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China Construction Bank Pulls Plug on $3B Blockchain Bond 

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After an initial listing delay, the Chinese Construction Bank Corporation (CCB) has officially canceled its blockchain-based bond. FUSANG, a blockchain-focused stock exchange in Malaysia, announced that the CCB had formally withdrawn the bond.

A Landmark Opportunity Gone

There has been a lot of excitement about the CCB blockchain bond. The plan was first reported earlier this month, with the Wall Street Journal explaining that the bond planned to raise up to $3 billion. The first tranche, worth $58 million, would seek funds from both private individuals and corporations.

The bonds were to be issued by Londbond Ltd., a special-purpose platform designed to issue digital bonds and deposit proceeds with CBB Labuan. They were to sell for as low as $100 each, with a tenor of three months. They would also pan annual interest of Libor plus 50 basis points – about 0.75 percent.

Amongst other things, the objective was to make the bonds act as tokenized certificates of deposit on the blockchain. There were also plans to allow traders to exchange their Bitcoins for dollars to purchase the bonds, since the bonds were tradable on the FUSANG exchange.

Henry Chong, FUSANG’s chief executive, had informed the Wall Street Journal, at the time, that the digital exchange would monitor the bonds in real-time. An increase in popularity could see the exchange initiate similar products with other currency denominations.

Much of the excitement was due to the issuer—CCB. Known as one of the “Big Four” Chinese banks, the CCB is ranked the second-largest bank worldwide, with a total asset haul of $3.8 trillion.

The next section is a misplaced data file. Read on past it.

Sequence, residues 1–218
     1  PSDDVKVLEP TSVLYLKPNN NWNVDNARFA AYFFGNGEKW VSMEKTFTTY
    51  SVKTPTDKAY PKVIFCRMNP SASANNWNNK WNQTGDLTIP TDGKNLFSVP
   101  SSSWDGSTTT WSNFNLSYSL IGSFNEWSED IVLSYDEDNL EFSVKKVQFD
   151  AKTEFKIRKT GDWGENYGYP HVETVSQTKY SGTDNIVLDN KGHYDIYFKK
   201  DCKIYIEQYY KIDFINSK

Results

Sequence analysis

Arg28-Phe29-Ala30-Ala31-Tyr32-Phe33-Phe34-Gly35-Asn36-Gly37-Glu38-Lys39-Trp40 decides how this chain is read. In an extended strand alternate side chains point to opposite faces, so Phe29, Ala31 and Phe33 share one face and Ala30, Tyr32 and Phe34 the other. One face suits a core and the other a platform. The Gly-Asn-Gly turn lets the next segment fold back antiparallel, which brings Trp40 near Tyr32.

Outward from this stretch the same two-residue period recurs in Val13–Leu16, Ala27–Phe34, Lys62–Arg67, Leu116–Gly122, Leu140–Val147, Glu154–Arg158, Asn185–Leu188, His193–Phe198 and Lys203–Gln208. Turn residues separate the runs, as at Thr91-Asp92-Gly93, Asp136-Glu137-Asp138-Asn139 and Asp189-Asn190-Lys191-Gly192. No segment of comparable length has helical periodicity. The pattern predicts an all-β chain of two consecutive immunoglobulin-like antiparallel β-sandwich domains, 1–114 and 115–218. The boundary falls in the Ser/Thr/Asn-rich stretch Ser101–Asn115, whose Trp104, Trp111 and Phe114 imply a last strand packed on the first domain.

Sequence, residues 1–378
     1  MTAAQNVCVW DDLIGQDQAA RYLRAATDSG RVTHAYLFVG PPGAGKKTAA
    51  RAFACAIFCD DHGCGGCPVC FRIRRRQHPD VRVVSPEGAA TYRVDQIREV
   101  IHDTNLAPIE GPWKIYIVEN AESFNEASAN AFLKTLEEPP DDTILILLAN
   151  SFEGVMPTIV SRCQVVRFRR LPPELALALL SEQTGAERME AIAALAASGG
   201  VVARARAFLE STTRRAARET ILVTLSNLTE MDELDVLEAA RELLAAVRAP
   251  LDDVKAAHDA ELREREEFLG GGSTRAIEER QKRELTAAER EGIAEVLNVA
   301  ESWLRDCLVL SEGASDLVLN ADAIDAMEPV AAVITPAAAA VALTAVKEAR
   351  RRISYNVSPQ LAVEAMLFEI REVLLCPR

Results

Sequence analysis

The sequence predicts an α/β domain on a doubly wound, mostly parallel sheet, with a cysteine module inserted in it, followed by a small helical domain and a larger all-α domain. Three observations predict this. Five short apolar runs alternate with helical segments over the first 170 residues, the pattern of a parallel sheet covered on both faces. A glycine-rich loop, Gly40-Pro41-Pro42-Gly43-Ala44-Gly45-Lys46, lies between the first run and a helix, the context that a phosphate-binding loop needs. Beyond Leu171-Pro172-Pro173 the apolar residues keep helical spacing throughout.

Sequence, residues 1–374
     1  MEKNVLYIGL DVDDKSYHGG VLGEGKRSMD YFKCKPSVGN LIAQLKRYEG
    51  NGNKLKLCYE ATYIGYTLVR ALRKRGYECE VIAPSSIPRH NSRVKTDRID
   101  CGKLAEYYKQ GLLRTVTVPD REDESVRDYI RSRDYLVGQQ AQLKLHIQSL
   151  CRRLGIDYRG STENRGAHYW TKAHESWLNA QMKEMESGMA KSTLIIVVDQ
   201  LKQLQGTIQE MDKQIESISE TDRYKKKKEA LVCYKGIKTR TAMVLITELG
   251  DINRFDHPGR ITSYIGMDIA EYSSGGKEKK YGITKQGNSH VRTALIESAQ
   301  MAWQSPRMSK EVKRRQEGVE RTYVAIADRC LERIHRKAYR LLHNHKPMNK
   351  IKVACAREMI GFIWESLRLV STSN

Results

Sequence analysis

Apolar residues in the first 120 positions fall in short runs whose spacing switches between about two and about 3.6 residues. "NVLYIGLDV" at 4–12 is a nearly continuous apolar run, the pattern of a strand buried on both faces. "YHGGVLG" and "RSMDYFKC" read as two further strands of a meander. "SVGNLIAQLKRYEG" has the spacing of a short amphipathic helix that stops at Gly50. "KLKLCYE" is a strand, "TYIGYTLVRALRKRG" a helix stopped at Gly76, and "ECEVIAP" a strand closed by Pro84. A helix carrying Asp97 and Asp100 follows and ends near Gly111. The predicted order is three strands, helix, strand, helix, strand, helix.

Sadly, things hit a bit of a snag. A few days later, FUSANG announced that the listing had been delayed at the CCB’s request until further notice. As data from Ether Scan also showed, the smart contract address associated with the sale showed no transactions – suggesting that the bond sale and issuance had been delayed.

FUSANG has been vocal in its claims that the suspension wasn’t due to any issues on its end.

“While we are disappointed that this Listing has been suspended, there were no legal, regulatory, operational, or technical issues with the FUSANG platform or the IPO process and filing,” the filing explained.

The exchange also expressed disappointment at the development, explaining that demand for the bond had been significant. Had it gone through, the bond could have been a harbinger for blockchain’s future role in the bond-issuance process.

No Crypto Allowed

While the bank’s reason for this decision remains unclear, it appears to be the cryptocurrency connection. The CCB has close ties to the Chinese state. While the latter had been openly adopting blockchain, it has been hostile towards traditional cryptocurrencies.

As Reuters reported, the CBB reacted to the blockchain bond’s news by denying its Labuan branch’s connection with it. The bank also highlighted that it didn’t accept Bitcoin.

Considering that people could exchange Bitcoins for dollars to purchase bond units, it appears that Beijing decided to scrap the entire project altogether. The Xi administration is continuing its hardline approach against cryptocurrencies, and it seems to be waging that war on multiple fronts.

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